Fires and explosions cause billions of dollars in property damage and thousands of deaths every year. While not all fires result from intentional or reckless conduct, many fires and explosions are purposely set with the intent to damage or destroy buildings, vehicles, or other property. Though there are several degrees of charges and nuances in the law that determine how the crime will be prosecuted, this is the essence of the criminal offense of arson.
In 2020, there were 21,833 arson offenses reported in the United States, causing an average of $30,537 in damage per offense, according to the National Incident-Based Reporting System. Some acts of arson are for monetary gains, such as to obtain insurance proceeds. Many arsons are specifically directed towards a specific person or business, while some people intentionally set fires because of mental illness. Given the damage caused by arson and the frequent harm or death to people that occurs in such crimes, arson is treated like a violent crime and aggressively prosecuted in Washington state and comes with severe penalties upon conviction.
If you face arson charges or have been charged with the related offense of reckless burning, you are in serious legal peril. Hiring an experienced Washington state criminal defense lawyer as soon as possible will give you the best chance to avoid an arson conviction’s immediate and long-term consequences. For over two decades, Milios Defense has aggressively defended the rights, freedom, and futures of those facing criminal charges, including arson and reckless burning. We have built an impressive track record of acquittals and other favorable outcomes and helped countless clients put their ordeals behind them and move forward with their lives.
What Is Arson in Washington State?
There are four degrees of arson offenses under Washington state law. The nature and severity of the charges largely depend on the person’s intent and mental state at the time of the act, the type of property targeted or damaged, whether people were put in danger, injured, or killed, and the extent of losses caused.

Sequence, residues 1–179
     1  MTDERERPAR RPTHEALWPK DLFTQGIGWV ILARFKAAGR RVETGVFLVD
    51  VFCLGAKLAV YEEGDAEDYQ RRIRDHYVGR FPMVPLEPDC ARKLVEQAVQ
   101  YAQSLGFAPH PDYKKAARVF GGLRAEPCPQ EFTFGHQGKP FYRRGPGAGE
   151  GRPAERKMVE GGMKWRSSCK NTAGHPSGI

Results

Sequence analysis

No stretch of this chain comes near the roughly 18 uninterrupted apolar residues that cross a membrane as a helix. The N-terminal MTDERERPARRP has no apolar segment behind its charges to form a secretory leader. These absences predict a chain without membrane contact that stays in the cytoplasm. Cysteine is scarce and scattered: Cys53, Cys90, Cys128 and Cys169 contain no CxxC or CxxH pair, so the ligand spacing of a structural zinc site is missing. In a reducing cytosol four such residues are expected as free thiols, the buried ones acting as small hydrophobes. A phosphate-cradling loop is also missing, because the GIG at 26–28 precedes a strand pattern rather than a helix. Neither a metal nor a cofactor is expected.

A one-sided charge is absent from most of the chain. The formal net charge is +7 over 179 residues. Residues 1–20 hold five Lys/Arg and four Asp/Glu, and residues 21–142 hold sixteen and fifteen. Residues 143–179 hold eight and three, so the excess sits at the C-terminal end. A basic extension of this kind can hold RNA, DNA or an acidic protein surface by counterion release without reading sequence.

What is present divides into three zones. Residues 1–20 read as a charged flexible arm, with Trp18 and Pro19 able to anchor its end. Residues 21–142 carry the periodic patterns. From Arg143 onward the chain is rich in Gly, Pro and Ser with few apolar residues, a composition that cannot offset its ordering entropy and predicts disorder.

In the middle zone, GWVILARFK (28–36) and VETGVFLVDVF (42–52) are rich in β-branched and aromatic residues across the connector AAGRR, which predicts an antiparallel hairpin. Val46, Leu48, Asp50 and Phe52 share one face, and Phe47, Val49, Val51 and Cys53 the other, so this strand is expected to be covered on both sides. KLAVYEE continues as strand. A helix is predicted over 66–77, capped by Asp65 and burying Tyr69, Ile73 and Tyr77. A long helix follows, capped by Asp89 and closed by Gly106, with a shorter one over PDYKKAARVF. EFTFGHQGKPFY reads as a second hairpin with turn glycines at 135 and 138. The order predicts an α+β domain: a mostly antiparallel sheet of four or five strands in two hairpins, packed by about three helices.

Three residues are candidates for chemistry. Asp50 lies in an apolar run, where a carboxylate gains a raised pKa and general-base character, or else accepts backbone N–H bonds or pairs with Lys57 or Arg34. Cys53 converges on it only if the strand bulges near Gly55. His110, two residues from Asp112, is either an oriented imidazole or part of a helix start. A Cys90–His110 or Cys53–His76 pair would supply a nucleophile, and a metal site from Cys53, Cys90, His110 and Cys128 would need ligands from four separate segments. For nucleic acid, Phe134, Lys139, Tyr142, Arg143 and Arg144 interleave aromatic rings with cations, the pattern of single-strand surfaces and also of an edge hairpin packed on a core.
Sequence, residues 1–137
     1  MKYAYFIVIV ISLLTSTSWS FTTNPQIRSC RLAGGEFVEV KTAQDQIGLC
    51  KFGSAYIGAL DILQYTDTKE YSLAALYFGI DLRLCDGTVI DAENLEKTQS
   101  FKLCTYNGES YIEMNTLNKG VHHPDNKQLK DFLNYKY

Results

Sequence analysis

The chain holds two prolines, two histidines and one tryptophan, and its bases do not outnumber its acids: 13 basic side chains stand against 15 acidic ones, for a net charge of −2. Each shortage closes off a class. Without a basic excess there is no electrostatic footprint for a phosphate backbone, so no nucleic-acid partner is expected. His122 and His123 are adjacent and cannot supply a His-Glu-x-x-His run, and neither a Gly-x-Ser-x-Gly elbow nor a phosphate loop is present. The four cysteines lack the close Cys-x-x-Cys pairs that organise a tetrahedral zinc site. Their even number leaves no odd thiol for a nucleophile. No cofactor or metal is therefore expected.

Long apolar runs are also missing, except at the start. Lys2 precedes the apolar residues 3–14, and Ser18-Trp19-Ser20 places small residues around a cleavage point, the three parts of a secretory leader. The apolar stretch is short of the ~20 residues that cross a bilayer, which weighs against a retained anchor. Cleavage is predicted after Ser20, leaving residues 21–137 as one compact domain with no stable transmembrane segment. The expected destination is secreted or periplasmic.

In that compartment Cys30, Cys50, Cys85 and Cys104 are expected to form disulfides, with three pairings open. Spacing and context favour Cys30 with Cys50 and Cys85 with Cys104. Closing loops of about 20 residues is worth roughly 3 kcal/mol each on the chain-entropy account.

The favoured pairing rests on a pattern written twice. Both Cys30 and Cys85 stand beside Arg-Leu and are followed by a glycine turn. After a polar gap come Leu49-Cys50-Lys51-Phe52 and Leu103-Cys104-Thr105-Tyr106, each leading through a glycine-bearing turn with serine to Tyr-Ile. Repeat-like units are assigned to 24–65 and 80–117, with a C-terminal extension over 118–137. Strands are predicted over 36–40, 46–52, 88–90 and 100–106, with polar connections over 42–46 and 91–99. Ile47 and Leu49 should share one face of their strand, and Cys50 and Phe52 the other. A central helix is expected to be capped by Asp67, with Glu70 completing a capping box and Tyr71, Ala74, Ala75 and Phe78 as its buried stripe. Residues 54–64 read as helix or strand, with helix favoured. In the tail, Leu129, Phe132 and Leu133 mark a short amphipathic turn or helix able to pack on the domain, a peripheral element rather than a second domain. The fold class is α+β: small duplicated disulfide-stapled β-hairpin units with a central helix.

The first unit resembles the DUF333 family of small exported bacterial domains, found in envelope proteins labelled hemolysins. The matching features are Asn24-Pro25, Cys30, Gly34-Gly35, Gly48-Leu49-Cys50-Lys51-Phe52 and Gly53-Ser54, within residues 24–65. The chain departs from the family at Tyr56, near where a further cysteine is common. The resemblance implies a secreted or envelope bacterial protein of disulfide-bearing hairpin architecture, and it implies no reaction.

The most serious of Washington arson charges, first-degree arson is when a person knowingly and maliciously either:
- Causes a fire or explosion, which is manifestly dangerous to any human life, including firefighters.
- Causes a fire or explosion which damages a dwelling.
- Causes a fire or explosion in any building in which there shall be, at the time, a human being who is not a participant in the crime.
- Causes a fire or explosion on property valued at $10,000 or more with intent to collect insurance proceeds.
Arson in the first degree is a Class A felony, with the potential for a sentence of life in prison and fines of up to $50,000.
A person is guilty of arson in the second degree if they knowingly and maliciously cause a fire or explosion which damages any of the following, including:
- A building, or any structure or erection appurtenant to or joining any building.
- Any wharf, dock, machine, engine, automobile, or other motor vehicle, watercraft, aircraft, bridge, or trestle.
- Hay, grain, crop, or timber, whether cut or standing or any range land, or pasture, land, or any fence, or any lumber, shingle, or other timber products, or any property.
As a Class B felony, a second-degree arson conviction can result in a prison sentence of up to 10 years and fines of up to $20,000.
Two other charges that fall under the umbrella of arson in Washington are called “reckless burning.” The key distinction between arson charges and reckless burning charges is that the former involves causing a fire or explosion “knowingly and maliciously,” while the latter only involves doing so “knowingly.”
A person is guilty of first-degree reckless burning if they recklessly damage a building or other structure or any vehicle, railway car, aircraft, watercraft, hay, grain, crop, or timber, whether cut or standing, by knowingly causing a fire or explosion. As a Class C felony, first-degree reckless burning can result in up to five years in prison and fines up to $10,000.
Second-degree reckless burning occurs when a person knowingly causes a fire or explosion (whether on their own property or another person’s property) and recklessly places any of the following in danger of destruction or damage:
- A building or other structure.
- Any vehicle, railway car, aircraft, or watercraft.
- Any hay, grain, crop, or timber (cut or standing).
As a gross misdemeanor, second-degree reckless burning can lead to up to a year in jail and $1,000 in fines.
There are several defenses to arson and reckless burning charges that your criminal defense attorney can assert if you face prosecution for these serious crimes. At Milios Defense, we have extensive experience defending our clients against these charges. If you face arson charges of any kind in Washington state, please contact us at 206-207-1067 or complete our online form to arrange your free initial consultation.